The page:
One thing is certain. Women winemakers enjoy themselves and party harder than men winemakers.
The eleven women are show in the photo. Their names are (from left to right):
Michaela Ehn, Helma Muller-Grossmann, Sylvia Heinrich, Birgit Braunstein, Heidi Schrock, Silva Prieler, Jutta Ambrositsch, Judith Beck, Petra Unger, Ilse Maier and Birgit Eichinger.
May 15th, 2010
I’ve just returned from a visit to the Barossa Valley, always a great pleasure, to research an “wine trail” piece for the Air New Zealand in-flight magazine, Kia Ora. I took a number of pics to illustrate the piece. I confess to getting more pleasure from seeing my photos in print than my words so I’ve posted a fairly pictorial piece with the “best of” from the ten wineries visited. I’ve also added a memorable wine from each.
Most memorable wine (there were many): Yalumba 2008 Bush Vine Grenache A$20 – Elegant, taut red with subtle spice and a silken texture. This is poor man’s Pinot Noir. A great buy at this price. Also loved Pewsey Vale 2004 “The Contours” Riesling and Eden Valley 2009 Viognier (Yalumba is Australia’s best Viognier maker by a long way from whoever comes second).
Most memorable wine: Rockford 1998 Basket Press Shiraz A$51
This flagship wine was sold out when I visited (latest vintage is 2007)
but I was able to taste a previously opened wine. Intense, slightly rustic red very mush in an Old World style. Strongly fruit-focused wine with plum and berry flavours.
I was given the top-of-the-line tour which included tasting very old soleras of Oloroso, Amontillado (can’t use the “sherry” word), Tawny, Liqueur Muscat, Liqueur Tokay and brandy plus the 1910 vintage tawny (pictured) and a tawny from my birth year (1947 if you must know).
Don’t quibble over the A$79 price tag – you’ll get to taste spectacular wines that you’ll never forget. Priceless!
Charlie Melton is a great guy (I’m sure everyone who meets him says the same thing). He’s smart, personable, hard-working and very focused on making great wine and managing what appears to be a thriving winery.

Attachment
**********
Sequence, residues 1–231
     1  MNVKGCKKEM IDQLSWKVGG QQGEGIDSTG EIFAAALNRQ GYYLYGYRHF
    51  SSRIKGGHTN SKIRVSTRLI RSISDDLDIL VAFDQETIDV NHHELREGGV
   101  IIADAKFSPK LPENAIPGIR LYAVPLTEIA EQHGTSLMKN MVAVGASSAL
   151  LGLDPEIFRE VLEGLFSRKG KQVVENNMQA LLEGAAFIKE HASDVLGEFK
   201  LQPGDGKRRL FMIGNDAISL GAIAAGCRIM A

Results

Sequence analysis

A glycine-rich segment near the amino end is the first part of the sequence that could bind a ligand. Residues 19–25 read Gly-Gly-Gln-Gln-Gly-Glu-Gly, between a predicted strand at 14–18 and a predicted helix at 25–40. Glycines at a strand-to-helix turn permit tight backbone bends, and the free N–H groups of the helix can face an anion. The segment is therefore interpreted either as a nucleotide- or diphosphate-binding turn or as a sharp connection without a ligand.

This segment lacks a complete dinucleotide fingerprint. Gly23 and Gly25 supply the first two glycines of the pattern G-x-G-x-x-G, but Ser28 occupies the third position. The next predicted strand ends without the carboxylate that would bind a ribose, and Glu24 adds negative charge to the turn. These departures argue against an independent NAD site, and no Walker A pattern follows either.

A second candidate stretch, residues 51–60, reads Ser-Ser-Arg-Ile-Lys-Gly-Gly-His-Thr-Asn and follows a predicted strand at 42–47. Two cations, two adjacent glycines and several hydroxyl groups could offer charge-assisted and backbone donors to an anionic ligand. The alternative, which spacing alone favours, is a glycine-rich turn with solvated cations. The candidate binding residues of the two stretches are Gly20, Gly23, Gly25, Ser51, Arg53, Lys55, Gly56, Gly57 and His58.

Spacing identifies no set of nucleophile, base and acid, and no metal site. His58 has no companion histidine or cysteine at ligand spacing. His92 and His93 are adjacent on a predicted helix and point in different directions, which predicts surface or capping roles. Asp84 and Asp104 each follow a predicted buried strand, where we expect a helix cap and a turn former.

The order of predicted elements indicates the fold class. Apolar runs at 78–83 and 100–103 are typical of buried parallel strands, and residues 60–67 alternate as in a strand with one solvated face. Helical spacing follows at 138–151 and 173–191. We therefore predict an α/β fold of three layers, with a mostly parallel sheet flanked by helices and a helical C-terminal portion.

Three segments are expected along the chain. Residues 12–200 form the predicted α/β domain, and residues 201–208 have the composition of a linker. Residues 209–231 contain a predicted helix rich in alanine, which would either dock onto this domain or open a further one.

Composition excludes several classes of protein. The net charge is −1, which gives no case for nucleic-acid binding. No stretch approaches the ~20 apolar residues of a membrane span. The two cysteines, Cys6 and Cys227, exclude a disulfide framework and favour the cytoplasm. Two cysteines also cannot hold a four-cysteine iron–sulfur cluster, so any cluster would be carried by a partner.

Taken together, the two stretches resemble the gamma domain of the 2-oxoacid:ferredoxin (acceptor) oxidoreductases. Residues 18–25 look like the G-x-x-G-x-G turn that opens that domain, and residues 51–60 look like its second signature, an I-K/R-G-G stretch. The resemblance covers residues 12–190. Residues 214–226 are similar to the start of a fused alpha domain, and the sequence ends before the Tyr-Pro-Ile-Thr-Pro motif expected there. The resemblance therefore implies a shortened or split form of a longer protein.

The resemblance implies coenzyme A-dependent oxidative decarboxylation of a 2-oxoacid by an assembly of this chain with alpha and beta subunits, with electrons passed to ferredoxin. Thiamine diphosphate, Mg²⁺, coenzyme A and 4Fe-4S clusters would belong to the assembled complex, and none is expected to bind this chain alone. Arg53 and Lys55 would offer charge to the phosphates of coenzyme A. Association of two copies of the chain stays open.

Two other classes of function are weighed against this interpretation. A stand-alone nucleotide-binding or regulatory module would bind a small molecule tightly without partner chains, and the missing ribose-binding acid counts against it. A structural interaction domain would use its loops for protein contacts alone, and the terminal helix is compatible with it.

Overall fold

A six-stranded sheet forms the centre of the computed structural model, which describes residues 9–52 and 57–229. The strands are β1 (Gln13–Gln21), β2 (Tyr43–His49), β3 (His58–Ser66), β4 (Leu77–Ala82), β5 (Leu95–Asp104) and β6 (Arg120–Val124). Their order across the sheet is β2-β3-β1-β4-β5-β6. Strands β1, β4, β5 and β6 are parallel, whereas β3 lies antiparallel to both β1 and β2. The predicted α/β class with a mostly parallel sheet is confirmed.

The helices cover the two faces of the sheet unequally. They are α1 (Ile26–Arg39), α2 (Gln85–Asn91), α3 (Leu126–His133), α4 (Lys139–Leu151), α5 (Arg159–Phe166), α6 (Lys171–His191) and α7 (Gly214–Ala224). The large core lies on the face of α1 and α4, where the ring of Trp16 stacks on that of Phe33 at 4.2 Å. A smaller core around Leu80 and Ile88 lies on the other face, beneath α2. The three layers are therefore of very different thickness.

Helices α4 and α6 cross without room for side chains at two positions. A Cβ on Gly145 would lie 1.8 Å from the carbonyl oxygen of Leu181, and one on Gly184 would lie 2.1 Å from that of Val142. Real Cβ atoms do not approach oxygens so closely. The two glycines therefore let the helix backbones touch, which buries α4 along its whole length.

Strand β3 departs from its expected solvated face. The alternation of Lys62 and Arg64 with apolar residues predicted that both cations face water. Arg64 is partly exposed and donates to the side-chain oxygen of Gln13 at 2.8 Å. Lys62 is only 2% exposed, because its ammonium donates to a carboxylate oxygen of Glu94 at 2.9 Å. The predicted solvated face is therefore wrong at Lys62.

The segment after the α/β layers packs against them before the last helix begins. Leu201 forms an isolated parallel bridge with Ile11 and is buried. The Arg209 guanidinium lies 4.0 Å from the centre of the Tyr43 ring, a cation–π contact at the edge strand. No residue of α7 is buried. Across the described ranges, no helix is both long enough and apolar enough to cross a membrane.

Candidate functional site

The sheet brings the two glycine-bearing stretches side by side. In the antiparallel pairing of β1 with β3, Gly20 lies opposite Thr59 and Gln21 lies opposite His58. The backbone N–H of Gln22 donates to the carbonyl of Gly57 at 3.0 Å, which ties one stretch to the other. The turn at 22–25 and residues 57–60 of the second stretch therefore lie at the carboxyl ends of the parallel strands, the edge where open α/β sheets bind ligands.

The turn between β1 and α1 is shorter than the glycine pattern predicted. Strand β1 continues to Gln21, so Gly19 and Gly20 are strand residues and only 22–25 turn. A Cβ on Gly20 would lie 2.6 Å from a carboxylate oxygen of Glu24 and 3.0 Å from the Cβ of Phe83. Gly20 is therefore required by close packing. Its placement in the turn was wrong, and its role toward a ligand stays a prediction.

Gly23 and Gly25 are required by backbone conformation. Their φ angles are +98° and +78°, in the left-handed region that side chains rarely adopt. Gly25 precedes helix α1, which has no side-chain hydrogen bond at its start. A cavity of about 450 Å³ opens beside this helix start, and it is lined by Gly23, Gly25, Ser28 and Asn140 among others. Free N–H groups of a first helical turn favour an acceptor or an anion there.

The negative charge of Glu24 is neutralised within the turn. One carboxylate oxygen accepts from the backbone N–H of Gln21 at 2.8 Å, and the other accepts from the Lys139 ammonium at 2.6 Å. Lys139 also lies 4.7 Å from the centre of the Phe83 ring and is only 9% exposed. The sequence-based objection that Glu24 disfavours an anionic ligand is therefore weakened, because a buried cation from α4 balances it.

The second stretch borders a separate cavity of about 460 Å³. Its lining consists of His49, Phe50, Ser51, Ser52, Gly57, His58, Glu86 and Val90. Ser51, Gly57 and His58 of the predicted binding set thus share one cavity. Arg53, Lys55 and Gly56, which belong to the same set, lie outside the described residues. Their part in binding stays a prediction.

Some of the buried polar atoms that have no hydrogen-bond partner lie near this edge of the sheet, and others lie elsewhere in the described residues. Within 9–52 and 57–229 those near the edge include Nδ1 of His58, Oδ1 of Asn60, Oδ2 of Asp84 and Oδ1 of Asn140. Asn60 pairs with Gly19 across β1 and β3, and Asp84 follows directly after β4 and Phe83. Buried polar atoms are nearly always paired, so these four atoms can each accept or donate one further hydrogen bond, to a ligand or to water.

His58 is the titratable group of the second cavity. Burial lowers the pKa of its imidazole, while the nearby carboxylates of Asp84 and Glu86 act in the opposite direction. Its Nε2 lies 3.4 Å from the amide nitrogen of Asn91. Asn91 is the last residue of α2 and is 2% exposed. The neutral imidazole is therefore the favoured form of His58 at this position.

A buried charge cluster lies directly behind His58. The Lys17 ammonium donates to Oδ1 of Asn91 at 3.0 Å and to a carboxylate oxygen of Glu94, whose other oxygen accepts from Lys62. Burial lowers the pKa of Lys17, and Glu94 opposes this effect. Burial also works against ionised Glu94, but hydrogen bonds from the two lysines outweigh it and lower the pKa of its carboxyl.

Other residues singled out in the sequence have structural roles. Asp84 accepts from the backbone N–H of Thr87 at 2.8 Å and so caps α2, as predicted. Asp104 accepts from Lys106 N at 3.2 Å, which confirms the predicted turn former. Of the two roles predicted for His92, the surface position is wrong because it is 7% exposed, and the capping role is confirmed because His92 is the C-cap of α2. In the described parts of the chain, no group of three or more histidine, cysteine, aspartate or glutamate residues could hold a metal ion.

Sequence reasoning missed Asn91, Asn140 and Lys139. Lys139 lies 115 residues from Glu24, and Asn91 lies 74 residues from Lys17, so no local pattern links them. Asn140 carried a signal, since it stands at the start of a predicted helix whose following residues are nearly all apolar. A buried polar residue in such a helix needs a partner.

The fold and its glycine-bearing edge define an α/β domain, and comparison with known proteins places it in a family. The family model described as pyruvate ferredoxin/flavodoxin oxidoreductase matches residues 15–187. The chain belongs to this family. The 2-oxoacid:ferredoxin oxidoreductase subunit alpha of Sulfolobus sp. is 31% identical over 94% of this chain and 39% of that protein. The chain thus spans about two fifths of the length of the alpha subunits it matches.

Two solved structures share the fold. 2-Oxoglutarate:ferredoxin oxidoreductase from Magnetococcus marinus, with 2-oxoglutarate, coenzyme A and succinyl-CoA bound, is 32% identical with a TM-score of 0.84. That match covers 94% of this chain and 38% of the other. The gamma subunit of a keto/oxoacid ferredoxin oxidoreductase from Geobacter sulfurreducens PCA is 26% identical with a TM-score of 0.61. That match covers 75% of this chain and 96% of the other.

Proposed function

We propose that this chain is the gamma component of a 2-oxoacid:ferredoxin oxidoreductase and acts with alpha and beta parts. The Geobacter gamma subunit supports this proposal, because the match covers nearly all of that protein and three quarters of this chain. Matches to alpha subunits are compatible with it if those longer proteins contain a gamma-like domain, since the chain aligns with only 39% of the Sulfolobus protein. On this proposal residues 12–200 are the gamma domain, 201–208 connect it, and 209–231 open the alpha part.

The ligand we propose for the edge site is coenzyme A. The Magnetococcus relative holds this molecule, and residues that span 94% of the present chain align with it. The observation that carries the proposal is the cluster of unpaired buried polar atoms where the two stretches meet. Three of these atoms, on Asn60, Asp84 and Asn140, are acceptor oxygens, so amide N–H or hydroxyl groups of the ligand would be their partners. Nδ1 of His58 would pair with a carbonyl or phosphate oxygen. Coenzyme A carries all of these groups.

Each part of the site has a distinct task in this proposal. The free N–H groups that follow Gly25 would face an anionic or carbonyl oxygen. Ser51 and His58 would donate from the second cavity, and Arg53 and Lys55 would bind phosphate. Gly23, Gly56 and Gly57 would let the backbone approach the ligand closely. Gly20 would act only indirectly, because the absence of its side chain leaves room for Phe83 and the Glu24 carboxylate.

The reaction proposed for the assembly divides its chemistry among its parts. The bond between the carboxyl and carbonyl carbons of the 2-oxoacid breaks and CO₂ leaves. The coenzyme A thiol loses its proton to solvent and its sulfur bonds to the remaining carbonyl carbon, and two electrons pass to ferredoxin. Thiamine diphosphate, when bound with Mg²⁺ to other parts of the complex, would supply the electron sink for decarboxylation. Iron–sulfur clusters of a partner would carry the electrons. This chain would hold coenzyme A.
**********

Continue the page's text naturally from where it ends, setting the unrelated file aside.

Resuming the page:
Most memorable wine: Charles Melton 2007 Nine Popes A$49.90 Charlie was proficient enough at French to think that Chateauneuf-du-Pape meant “castle of nine Popes” so that’s what he christened his Grenache, Shiraz, Mataro blend. He couldn’t work out why there were only seven Avignon Popes until he discovered that a more correct translation was “castle of the new Popes”. By then it was too late. It’s an intense wine with a lovely silken texture and a mix of ripe berry and savoury/spice flavours.
Grant Burge - the man behind the label
This is a picture of a man who loves what he does. It was a pleasure to meet the man behind a brand that I’ve long admired for its ability to deliver consistently high quality and value.
Most memorable wine: Carryton Park 2005 Cabernet Sauvignon A$34.95 First vintage from a brand new vineyard that’s technically in the Eden Valley. Only 600 cases were made. Burge believes that this will become a truly benchmark label.
Visitors (mostly Kiwis) enjoying lunch and a glass or threeTasteful cellar door entrance
Classy cellar door entrance
Most memorable wine: Eight Songs 2004 Shiraz A$40
Rich, opulent Shiraz with a seasoning of French (rather than American) oak. Classy wine with a backbone of firm but very ripe tannins.
Hill of Grace vineyard - Shiraz vines planted before 1860!
I took this photo on an earlier visit. It was close to sunset and a beautiful pink light tinged the vineyard shortly before I clicked the shutter. Photoshop unnecessary.
Most memorable wine: Henschke 2005 Hill of Grace Shiraz A$510 It is worth very penny.
Mamre Brook house - built in 1844, subsequently enlarged
Most memorable wine: Saltram 2005 The Journal Shiraz A$125 First release of a new flagship wine that’s aged in large vats rather than barriques. Dense sweet fruit with layers of dark berry, spice and bitter chocolate flavours. Linear and potentially very long-lived. Think of Penfolds St Henri and amplify slightly.
Winemaker Graig Isbel
Torbreck’s legendary founder, Dave Powell, was overseas when I called but I’ve enjoyed company of this wild man in the past. His latest exploit happened in a restaurant in Finland at the end of a long evening. The restaurant had a branding iron that they use to burn their logo onto various things. Powell and his distributors were in a relaxed mood and, yes, you’ve guessed it, he agreed to be branded on his bum. Silliest thing he’s ever done, he later admitted, but he’s become something of a hero in Finland.
Most memorable wine: (I didn’t taste the flagship wine RunRig on this occasion) Torbreck 2006 Les Amis A$187.50 Old vine Grenache – exquisite aromatics and a great texture. Very complex with layers of ripe berryfruit and spice flavours.
Peter Scholz - owner, viticulturist and winemaker